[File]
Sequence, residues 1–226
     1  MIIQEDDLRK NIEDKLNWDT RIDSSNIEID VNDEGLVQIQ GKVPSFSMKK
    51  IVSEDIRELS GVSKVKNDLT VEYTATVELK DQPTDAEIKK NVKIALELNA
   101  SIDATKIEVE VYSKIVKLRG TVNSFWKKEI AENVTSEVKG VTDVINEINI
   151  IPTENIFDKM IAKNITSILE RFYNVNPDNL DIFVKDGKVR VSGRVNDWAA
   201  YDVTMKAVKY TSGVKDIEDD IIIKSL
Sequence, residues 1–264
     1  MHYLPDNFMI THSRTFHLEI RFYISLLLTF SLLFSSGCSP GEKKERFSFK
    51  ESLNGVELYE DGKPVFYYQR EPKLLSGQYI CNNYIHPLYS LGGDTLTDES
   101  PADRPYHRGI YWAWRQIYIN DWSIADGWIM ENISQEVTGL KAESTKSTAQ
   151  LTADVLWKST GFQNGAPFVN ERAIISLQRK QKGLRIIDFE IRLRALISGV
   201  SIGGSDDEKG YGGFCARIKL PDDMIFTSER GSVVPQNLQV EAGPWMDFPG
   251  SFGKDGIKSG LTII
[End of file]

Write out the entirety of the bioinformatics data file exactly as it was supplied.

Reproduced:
Sequence, residues 1–226
     1  MIIQEDDLRK NIEDKLNWDT RIDSSNIEID VNDEGLVQIQ GKVPSFSMKK
    51  IVSEDIRELS GVSKVKNDLT VEYTATVELK DQPTDAEIKK NVKIALELNA
   101  SIDATKIEVE VYSKIVKLRG TVNSFWKKEI AENVTSEVKG VTDVINEINI
   151  IPTENIFDKM IAKNITSILE RFYNVNPDNL DIFVKDGKVR VSGRVNDWAA
   201  YDVTMKAVKY TSGVKDIEDD IIIKSL
Sequence, residues 1–264
     1  MHYLPDNFMI THSRTFHLEI RFYISLLLTF SLLFSSGCSP GEKKERFSFK
    51  ESLNGVELYE DGKPVFYYQR EPKLLSGQYI CNNYIHPLYS LGGDTLTDES
   101  PADRPYHRGI YWAWRQIYIN DWSIADGWIM ENISQEVTGL KAESTKSTAQ
   151  LTADVLWKST GFQNGAPFVN ERAIISLQRK QKGLRIIDFE IRLRALISGV
   201  SIGGSDDEKG YGGFCARIKL PDDMIFTSER GSVVPQNLQV EAGPWMDFPG
   251  SFGKDGIKSG LTII